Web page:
After the intervention the subjects’ entry into military service will be followed up for a period from 18 to 30 months depending on the initiation and length (6–12 months) of service. The course of the service period will be monitored by the Finnish Defence Forces (FDF) which routinely collects data on health and performance of all conscripts attending service. The group assignment will be blinded to the FDF until the end of military service. Examinations measuring aerobic (Cooper - 12 minute running test) [40] and muscle fitness tests [12] are performed when entering service and repeated after its completion. These data will be collected from approximately 70% of the men due to the estimated exemption. This will provide additional information about the impact of the intervention and show the long-term effectiveness of the method aimed at promoting physical activity. It also demonstrates how the activation intervention affects the onset and completion of military service.

Outcome measures

The questionnaires and physiological measurements have been tested in the annual call-ups in the Oulu area during 2009–2011. Overall, the response rate to the questionnaire has been at or above 62% (2009 N = 770, 73%, 2010: N = 622, 62%, 2011 N = 825, 65%), and 59% or more (59%, 61%, and 72%, respectively) have participated to the measurements.

Main and secondary outcome measures

The main outcome measure is self-determined and objectively measured physical activity. Daily physical activity will be followed using a wrist-worn physical activity monitor, Polar Active (Polar Electro Ltd, Finland) [41-46]. This recorder utilizes frequency and regularity of hand movements adjusted for body parameters and a high agreement with energy expenditure has been observed [46]. The device measures physical activity continuously as metabolic equivalents (MET) per 30 s and as time spent at five different zones (very easy, easy, moderate, vigorous, vigorous+), as well as sleep onset and duration. Self-determined physical activity level will be enquired according to questions widely used in health studies [47].

The type of physical activity (sitting/standing, walking, running, cycling and driving) will be tracked using a smartphone with triaxial accelerometers [48-50]. The recognition is based on different features of the acceleration signal and classification is done using knn (k nearest neighbours) and QDA (quadratic discriminant analysis) classifiers. The software has a real-time recognition accuracy of 95% when the phone is in the pocket of the subject’s trousers [50].

The secondary outcome is the proportion of overweight and obese boys.

Questionnaires

The following cross-sectional questionnaire data will be collected during the military call-ups: 1) health survey consisting of questions related to health behaviour, diet, sleep, psychosocial and socioeconomic factors, quality of life, depressive symptoms (Raitasalo’s modification of the short form of the Beck Depression Inventory [51,52], and substance abuse; 2) amount of physical activity [47] and sitting time, self-rated physical fitness, 3) relationship to physical activity: a questionnaire focusing on physical activity or lack thereof, and the underlying motives, 4) information behaviour and practices in relation to the stages of change of the transtheoretical model [38,39], the use of media, games and technology.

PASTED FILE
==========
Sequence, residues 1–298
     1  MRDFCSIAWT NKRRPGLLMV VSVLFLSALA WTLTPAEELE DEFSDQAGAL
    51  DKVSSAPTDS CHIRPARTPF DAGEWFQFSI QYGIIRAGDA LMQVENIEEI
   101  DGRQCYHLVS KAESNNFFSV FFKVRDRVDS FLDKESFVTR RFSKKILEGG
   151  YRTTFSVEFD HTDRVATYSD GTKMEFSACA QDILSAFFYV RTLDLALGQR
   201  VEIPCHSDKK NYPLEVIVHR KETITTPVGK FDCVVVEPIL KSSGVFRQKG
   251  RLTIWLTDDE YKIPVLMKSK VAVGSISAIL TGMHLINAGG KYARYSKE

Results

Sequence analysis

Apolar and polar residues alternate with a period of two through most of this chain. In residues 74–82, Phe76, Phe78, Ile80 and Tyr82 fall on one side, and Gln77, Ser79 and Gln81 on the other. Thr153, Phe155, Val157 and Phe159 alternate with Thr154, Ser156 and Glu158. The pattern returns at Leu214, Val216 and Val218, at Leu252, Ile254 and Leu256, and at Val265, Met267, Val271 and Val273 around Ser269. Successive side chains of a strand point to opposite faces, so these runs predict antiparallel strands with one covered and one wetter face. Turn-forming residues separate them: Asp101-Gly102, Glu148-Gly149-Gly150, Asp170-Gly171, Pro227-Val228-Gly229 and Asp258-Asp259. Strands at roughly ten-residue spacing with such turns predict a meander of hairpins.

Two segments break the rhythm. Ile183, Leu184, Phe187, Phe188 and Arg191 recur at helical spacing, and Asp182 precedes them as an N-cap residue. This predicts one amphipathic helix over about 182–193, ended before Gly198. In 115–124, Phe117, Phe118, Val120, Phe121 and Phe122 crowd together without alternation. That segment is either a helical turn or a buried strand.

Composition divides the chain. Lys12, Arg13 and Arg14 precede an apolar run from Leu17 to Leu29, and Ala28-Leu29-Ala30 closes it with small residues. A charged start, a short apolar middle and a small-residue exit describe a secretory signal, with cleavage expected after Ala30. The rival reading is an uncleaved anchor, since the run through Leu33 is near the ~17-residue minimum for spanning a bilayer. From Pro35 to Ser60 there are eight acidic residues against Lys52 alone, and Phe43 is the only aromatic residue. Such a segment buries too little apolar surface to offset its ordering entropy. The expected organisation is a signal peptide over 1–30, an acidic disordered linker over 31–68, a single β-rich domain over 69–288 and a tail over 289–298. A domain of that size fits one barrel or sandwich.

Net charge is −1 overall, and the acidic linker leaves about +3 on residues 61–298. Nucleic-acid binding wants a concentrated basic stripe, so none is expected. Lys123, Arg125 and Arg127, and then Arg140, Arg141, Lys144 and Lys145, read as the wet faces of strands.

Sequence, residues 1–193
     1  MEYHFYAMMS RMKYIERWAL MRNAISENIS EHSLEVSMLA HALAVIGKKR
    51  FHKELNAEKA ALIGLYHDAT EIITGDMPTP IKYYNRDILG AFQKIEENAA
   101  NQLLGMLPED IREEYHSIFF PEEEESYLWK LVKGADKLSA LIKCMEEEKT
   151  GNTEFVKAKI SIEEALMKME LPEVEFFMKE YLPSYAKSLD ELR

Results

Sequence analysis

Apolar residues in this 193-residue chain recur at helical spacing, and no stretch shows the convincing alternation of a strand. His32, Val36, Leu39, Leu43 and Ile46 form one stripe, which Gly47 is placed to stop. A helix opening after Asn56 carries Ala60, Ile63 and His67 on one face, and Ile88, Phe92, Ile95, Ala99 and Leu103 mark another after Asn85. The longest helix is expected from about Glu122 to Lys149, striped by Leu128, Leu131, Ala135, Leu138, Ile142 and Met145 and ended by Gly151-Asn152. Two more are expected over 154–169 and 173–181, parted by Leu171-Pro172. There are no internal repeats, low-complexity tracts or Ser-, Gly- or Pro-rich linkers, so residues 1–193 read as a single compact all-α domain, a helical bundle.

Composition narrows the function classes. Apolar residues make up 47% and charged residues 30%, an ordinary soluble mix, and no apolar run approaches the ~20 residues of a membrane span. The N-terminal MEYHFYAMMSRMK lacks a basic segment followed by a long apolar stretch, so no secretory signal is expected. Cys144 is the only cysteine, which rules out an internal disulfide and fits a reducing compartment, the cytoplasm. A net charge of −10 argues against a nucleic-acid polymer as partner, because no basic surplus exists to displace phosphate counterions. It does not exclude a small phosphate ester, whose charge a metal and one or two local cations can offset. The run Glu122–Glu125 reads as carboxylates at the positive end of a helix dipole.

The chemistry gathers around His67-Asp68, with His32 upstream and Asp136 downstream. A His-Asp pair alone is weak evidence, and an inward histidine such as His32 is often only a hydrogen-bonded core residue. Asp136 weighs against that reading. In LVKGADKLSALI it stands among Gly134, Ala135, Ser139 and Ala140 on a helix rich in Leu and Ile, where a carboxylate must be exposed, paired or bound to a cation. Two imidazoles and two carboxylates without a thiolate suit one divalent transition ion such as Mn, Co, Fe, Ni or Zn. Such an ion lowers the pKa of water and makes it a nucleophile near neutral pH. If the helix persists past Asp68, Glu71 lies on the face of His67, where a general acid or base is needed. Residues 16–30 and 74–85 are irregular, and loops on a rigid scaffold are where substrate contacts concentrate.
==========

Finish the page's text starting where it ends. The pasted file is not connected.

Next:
Ethnographic and interview data

Participant observation and subject interviews are conducted in several phases. Firstly, the objective is to understand specific values, motivations and cultural meanings in general in youth culture which affect adolescent’s health behaviour [53]. Secondly, an in-depth description is constructed based on their experiences and opinions of the intervention in order to improve the methods further [54,55]. In this way the ethnographic work also provides feedback between the target group and service developers.

Measurements

Height will be measured with a ruler. Waist circumference will be measured midway between the lowest rib and the iliac crest. Body composition (fat mass, fat free mass, percentage body fat), BMI and weight will be assessed by bioelectrical impedance assessments (DSM-BIA; direct segmental multi-frequency bioelectrical impedance analysis). For this purpose InBody 720 Body composition analysis (Biospace Co., Ltd., Seoul, Korea) will be used. The accuracy of measurement is high in comparison to e.g. the dual-energy x-ray absorptiometry (DXA) method [56] and practical in large epidemiological studies with limited time for examining each subject [11]. Bilateral grip strength of both hands will be measured using a dynamometer (Saehan, SAEHAN Corporation, Korea). During the examination, the subjects stand with their legs apart and elbow at 90° angle, and grip the instrument with maximum strength.

Aerobic fitness will be evaluated using a fitness test (Polar Fitness Test™, Polar Electro, Finland) conducted while resting comfortably during ca. 5 minutes. The Polar Fitness Test™ predicts maximal oxygen uptake (ml/min/kg) from the resting heart rate, heart rate variability, gender, age, height, body weight and self-assessed physical activity [57]. Heart rate variability (R-R intervals) will be measured from 255 heart beats (3–5 min) with a sampling frequency of 1000 Hz [58]. During the military service, all conscripts undergo muscle fitness tests [12] performed twice by the FDF. Aerobic fitness with Cooper’s 12-minute running test [40] will be performed at the beginning and end of the military service.

Statistical analysis